As winter, and the flu season, quickly approach, the question on many people’s minds is, “How do I stay healthy?” Well, the simple answer to that is to have a well-functioning immune system. But that’s a little vague. Let’s dig a little deeper and take a closer look at the body’s miraculous defense system. And believe me, after you learn a little about the immune system, the word “miraculous” is a serious understatement!
According to Marieb and Hoehn (2019), “Every second of every day, armies of hostile bacteria, fungi, and viruses swarm on our skin, and yet we stay amazingly healthy most of the time.”1 Wait, what?! That’s right, there are microscopic organisms all over your body, as well as inside, all the time. Many of them are healthful, but many are not, and your body must decide what to do with the bad guys. Whether or not we become “ill” from these pathogens is up to the vigilance of the invading organisms as well as your body’s ability to respond to and eliminate the threat.2
We have two defense systems working together at all times. First, the innate defense system is always waiting and ready to respond to invaders. The skin and mucosae are first in line. When those are penetrated, the second line of defense steps up. This includes the activation of various specific immune cells all with different tasks. The second defense system is called the adaptive defense system. This system takes much longer to activate but is comprised of the “heavy hitters” who mean business.3 If the immune system is either insufficient or overactive, you are going to have problems.
Now, let’s take a closer look at a few ways we can support our immune system (there are many more!) and ensure we are ready to fight off whatever nature throws at us!
It is said that the immune system lives in the gut. Balancing out the good bacteria and “bad” bacteria is critical to a well-functioning immune system. Research shows that the microbial community in the gut not only keeps things in balance but also influences the susceptibility for disease and disorders.4 The gut is impaired by excess stress, sedentary lifestyle, poor diet,5,6 chronic disease, and digestive issues.7,8,9 The consumption of prebiotics, such as green apples and other starches, feeds the good guys, and probiotics, such as fermented foods, can introduce healthy microbes into the gut.10
A thriving immune system loves good food! A healthy diet focuses on abundant fresh fruits and vegetables, leafy greens, whole grains, legumes, nuts/seeds, and water while being low in excess salt, sugar, fat, alcohol, and processed foods. But you are not necessarily what you eat, you are what you absorb. This means ensuring your digestive system is working properly. Vitamins that support the immune system include vitamin A and carotenes, vitamins C, D, E, B12, folic acid, other B vitamins, and pyridoxin. Minerals that support the immune system include iron, zinc, and selenium.11 Supplementation may be needed if proper nutrition cannot be achieved through diet alone. Working with a qualified healthcare professional can help identify deficiencies and develop eating and supplementation plans to work with your individual needs.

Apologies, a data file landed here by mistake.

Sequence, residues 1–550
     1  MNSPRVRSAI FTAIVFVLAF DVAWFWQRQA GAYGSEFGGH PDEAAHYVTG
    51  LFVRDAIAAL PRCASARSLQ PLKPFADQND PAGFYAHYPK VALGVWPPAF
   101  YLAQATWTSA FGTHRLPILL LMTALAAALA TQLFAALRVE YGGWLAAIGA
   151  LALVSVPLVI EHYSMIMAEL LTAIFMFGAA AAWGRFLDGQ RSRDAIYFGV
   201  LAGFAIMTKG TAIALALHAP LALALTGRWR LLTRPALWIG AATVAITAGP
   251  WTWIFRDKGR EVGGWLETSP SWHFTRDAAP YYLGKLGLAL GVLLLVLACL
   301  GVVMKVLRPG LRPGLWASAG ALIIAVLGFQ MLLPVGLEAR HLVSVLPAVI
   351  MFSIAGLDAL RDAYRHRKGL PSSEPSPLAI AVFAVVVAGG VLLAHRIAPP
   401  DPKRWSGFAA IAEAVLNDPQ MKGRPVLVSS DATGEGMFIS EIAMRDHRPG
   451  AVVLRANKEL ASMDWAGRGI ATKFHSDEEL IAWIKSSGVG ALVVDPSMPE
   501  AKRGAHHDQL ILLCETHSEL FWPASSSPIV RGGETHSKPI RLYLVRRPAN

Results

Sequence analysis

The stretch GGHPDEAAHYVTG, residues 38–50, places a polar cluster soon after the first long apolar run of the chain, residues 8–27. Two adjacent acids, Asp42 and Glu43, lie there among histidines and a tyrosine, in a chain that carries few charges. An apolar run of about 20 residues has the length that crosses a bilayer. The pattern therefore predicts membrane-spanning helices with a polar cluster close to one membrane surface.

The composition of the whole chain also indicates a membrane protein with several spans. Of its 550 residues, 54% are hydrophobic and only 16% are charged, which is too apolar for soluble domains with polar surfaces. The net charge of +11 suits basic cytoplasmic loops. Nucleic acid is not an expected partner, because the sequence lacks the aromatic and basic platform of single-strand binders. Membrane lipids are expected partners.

Stress and Negative Emotions
We mentioned that stress impacts the gut, but it also impacts the overall immune system. Those with depression, negative emotions, and/or high-stress levels have been shown to have an increased risk of cancer and other diseases due to decreased levels of natural killer cells.12 Meditation, aromatherapy, journaling, and physical activity can help to reduce stress. Another way to improve emotional health is to connect with others. We are meant to be social! Loneliness has been shown to over-activate the immune system, which is a bad thing and can lower your levels of antiviral compounds.13 Find ways to connect with others – phone calls, letters, or safe in-person visits if possible.
Sleep impacts the immune system, and immune system activation impacts sleep. Did you catch that? What it means is that when you get quality sleep, you help to support your immune system, but when your immune system is in fight mode, you will not likely sleep well. Chronic poor sleep has been linked to a weakened immune system.14 Improving sleep may not be an easy task, however, since quality sleep is essential to so many bodily functions, it is certainly worth putting some effort towards. Aromatherapy may be an easy place to start. Essential oils, either used in a diffuser or inhaled from a room spray, such as lavender (Lavandula angustifolia), have been shown to help reduce stress and anxiety while fighting insomnia and other sleep disturbances.15 Herbal teas, tinctures, or infusions may also be helpful. German chamomile (Matricaria recutita)16, passionflower (Passiflora incarnata)17, and valerian (Valeriana officinalis)18 are a few herbs that can help promote sleep. Be sure to check for contraindications before using herbs and consult with an herbalist for guidance.
Now we are ready to take on the change of the seasons! Check out this immune-supporting miso soup now or keep it on hand for when you feel ill. Either way, it’s quick, tasty, and nutritious! You can use whatever veggies you have on hand and adjust quantities to suit your needs.
Photo courtesy of Lindsay Little
Full Bloom Acres’ Classic Miso Soup
1 cup chopped carrots
1 cup chopped celery
2 cups mixed mushrooms
1 cup broccoli florets
1 leek, white parts only, chopped
1-inch piece of fresh ginger, finely chopped
1 block of firm tofu, drained and cubed
4 Tablespoon miso paste, or to taste
Soy sauce, to taste
Place all veggies in a large pot and cover with water. Bring to a boil. Reduce heat and cook until veggies are tender. Add tofu cubes. Let cool slightly then add the miso paste. Add soy sauce to taste. Serve with rice or brown rice noodles if desired. Enjoy!